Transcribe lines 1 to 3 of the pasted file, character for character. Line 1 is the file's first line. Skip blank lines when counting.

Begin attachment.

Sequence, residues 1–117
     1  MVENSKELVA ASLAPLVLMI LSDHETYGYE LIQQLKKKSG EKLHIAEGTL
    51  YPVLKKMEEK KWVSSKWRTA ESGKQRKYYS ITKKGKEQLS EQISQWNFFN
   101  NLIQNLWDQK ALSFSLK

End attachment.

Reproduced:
Sequence, residues 1–117
     1  MVENSKELVA ASLAPLVLMI LSDHETYGYE LIQQLKKKSG EKLHIAEGTL
    51  YPVLKKMEEK KWVSSKWRTA ESGKQRKYYS ITKKGKEQLS EQISQWNFFN